In a recent post, we mentioned a video on the Global Post website about transport developments in Mexico City. Global Post has published another short video in the same series, that is equally interesting and valuable as a teaching resource:
My first experience of a solar-powered stove was during an environmental education workshop in the state of Michoacán some 25 years ago. I was underwhelmed by its performance, but the more modern (and much more efficient) designs featured in this video definitely merit a much closer look.
The video focuses on the work of Gregor Schäpers, a self-taught solar engineer, and his company Trinysol, that makes solar-powered stoves and boilers. The company, located in the village of El Sauz in the state of Hidalgo, a short distance north-east of Mexico City, is a good example of the development of appropriate technology.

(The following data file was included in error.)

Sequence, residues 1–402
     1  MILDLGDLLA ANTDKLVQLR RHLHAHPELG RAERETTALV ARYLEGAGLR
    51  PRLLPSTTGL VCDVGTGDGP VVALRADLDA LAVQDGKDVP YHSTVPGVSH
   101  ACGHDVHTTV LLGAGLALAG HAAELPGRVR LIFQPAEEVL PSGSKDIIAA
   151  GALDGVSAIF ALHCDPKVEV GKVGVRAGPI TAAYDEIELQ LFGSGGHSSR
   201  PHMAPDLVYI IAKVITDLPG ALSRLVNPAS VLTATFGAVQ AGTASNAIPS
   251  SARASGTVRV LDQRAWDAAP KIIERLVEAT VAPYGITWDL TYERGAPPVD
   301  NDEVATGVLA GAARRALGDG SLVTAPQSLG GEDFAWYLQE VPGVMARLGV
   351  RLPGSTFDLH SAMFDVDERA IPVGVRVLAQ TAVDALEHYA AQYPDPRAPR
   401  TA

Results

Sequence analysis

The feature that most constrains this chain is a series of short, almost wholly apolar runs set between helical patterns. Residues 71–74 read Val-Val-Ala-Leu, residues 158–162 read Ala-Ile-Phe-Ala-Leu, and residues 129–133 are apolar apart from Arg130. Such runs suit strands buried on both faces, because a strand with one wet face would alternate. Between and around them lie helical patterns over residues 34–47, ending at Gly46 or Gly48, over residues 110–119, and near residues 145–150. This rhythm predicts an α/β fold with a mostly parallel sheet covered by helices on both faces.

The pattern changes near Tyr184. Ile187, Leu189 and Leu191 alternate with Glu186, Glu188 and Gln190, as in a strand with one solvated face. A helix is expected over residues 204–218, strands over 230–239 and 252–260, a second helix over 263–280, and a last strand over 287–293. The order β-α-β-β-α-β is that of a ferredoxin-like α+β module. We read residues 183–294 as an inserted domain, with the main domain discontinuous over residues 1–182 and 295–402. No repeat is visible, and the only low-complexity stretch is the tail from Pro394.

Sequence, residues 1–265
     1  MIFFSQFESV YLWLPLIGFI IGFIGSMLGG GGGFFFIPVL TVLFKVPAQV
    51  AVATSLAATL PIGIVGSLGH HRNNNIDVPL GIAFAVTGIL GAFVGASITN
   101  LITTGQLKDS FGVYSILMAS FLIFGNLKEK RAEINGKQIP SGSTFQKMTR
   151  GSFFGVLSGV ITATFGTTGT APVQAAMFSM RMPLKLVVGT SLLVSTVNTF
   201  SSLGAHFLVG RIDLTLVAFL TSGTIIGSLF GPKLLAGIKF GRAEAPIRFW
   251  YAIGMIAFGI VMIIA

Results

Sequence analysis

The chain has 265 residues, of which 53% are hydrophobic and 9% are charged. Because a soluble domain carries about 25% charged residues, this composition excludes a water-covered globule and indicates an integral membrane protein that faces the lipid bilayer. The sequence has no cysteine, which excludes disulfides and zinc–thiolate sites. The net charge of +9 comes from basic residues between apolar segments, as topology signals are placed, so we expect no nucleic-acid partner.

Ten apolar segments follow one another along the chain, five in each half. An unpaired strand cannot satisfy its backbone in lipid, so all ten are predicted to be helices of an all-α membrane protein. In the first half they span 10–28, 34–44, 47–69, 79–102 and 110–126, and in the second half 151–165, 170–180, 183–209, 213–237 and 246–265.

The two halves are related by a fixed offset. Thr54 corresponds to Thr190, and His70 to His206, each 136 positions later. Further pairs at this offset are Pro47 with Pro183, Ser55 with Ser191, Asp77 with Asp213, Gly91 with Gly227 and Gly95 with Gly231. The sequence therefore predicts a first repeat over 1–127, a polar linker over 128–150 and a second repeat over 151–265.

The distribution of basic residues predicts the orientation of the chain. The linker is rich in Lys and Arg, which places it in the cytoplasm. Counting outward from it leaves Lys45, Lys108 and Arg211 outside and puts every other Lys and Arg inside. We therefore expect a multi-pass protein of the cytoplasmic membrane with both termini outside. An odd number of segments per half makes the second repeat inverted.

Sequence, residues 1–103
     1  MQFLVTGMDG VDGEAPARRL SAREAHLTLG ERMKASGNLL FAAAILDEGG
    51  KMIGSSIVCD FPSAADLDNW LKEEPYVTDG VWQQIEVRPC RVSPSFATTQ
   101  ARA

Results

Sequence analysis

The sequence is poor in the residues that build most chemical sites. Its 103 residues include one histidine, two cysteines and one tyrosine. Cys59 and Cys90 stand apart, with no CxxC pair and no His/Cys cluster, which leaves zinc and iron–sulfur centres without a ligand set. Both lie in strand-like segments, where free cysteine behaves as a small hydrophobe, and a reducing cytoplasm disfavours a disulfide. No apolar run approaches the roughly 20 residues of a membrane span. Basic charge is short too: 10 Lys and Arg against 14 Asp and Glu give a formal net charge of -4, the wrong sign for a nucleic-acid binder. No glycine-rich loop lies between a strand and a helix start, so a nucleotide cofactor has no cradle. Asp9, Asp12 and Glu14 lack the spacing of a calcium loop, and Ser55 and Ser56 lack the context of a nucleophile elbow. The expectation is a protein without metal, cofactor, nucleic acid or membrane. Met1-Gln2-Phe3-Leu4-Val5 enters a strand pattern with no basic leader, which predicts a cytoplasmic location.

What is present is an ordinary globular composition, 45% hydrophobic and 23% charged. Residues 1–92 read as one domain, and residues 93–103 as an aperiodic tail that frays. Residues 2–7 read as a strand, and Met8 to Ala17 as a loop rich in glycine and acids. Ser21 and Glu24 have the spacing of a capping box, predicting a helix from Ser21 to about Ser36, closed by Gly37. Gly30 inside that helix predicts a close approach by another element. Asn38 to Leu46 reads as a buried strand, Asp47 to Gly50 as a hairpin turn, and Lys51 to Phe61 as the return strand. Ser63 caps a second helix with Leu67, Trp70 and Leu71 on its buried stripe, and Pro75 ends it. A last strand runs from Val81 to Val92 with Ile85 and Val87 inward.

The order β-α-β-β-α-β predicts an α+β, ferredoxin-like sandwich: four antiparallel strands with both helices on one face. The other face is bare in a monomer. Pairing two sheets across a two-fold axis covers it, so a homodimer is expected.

One of Trinysol’s first projects was working with a women’s cooperative in the village of San Andrés, who produce a sweet syrup from green agave plants. The process involves hours of cooking, and therefore requires a large input of energy. Prior to the installation of Scheffler reflectors and solar-powered hotplates, the women relied on gas.
Schäpers has since set up hundreds of solar-powered boilers, and dozens of solar stoves in the region. Some are designed for individual families; others are suitable for small-scale industrial use, for example to provide energy for bakeries (panaderias) or tortilla-making plants (tortillerias).
According to the figures offered in the video, it costs about 4,000 dollars to build and install heating for a panadería, but can save the owners up to 5,000 dollars a year in energy costs. The investment is therefore fully recouped within a year. The system should last for 30 years, so a solar-powered system represents a significant improvement to the economics of many small businesses, giving them the opportunity to expand or allocate more of their scarce resources elsewhere.